“The notion of regional Victoria moving as one is exactly what we want, not in six weeks’ time, but as early as next week.”
He said he was “very confident regional Victoria can move and take steps as one as early as next week, that is exactly the strategy working and is something that everyone regional Victorian should be very proud of.”
The Premier said at this stage cases in the Geelong corridor “were not holding regional Victoria back” and any inclusion of the Geelong in a ‘metro bubble” would only be done at the last possible moment. Mr Andrews also said he would have more to say about a harder regional/metropolitan border.
Regional re-opening would be ‘heavily caveated’
On Thursday, Mr Andrews said regional Victoria’s progress on the roadmap would be “heavily caveated.”
“We need to make sure that we continue that trend going forward, but we’re confident that those numbers are low and getting lower and that means that there will be an opportunity for us quite soon to take a step or steps towards that COVID normal for regional Victoria.
“We’ll then have to defend that in terms of testing numbers remaining high, people following the rules, COVID-safe work plans, particularly when it comes to workplaces large and small.”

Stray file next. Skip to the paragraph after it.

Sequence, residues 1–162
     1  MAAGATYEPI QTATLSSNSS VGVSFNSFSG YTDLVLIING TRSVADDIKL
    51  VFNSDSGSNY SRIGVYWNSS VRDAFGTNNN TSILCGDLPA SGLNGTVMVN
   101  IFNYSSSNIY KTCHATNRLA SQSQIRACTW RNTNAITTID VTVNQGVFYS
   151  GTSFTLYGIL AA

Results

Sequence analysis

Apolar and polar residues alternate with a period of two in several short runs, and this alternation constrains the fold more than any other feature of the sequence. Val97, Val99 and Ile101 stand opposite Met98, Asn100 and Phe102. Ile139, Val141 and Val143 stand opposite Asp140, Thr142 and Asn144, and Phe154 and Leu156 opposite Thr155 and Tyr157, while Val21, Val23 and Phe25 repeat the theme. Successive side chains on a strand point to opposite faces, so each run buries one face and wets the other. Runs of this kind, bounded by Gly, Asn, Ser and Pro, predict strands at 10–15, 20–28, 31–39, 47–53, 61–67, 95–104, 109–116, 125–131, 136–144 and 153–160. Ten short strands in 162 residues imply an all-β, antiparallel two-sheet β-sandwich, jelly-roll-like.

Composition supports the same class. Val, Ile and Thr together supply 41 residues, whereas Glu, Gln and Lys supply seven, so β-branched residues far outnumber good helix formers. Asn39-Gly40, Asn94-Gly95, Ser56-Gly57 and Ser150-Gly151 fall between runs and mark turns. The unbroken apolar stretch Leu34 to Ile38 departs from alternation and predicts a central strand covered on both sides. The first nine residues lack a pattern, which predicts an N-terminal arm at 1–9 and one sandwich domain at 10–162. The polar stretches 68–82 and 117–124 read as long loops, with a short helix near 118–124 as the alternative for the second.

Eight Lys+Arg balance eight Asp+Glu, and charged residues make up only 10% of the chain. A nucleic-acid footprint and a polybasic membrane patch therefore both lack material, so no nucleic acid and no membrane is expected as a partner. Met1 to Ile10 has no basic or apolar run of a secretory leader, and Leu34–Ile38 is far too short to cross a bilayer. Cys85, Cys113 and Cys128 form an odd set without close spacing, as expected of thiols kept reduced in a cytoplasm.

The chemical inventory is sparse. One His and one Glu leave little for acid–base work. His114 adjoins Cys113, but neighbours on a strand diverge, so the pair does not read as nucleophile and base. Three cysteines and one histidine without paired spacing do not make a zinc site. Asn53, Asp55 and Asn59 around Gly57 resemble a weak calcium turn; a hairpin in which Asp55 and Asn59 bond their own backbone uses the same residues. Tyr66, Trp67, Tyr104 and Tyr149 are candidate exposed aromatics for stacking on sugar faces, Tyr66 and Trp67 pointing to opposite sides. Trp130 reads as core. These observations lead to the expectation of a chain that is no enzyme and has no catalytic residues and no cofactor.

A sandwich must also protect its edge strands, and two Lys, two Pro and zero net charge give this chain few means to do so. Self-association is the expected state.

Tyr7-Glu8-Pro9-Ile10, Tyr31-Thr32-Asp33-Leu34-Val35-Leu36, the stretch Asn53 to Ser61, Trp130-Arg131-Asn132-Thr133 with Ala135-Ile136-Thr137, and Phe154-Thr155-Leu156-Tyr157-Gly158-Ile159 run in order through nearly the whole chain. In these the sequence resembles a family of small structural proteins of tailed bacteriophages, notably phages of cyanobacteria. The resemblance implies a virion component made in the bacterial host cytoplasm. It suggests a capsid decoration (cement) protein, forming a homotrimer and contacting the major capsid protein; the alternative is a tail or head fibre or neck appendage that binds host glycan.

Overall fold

Mr Andrews said “regional Victoria was very close to being able to take substantial steps towards a COVID Normal”.
Under the roadmap, ‘COVID Normal’ would be reached when there have been no new cases for 28 days statewide with no active cases statewide and no outbreaks of concern in other states or territories. ‘COVID Normal’ status enables industries to open with a COVIDSafe plan without restrictions.
Under the current Stage Four lockdown restrictions, large regional and metropolitan meat processing facilities, except poultry plants, are currently ‘heavily restricted’ and must continue to operate with not more than 67pc of their daily peak and daily total workforce capacity. Businesses with 25 workers or less are exempt, but plants with more than 25 workers are required to work at two-thirds of their peak workforce capacity or to 25 workers, whichever is higher.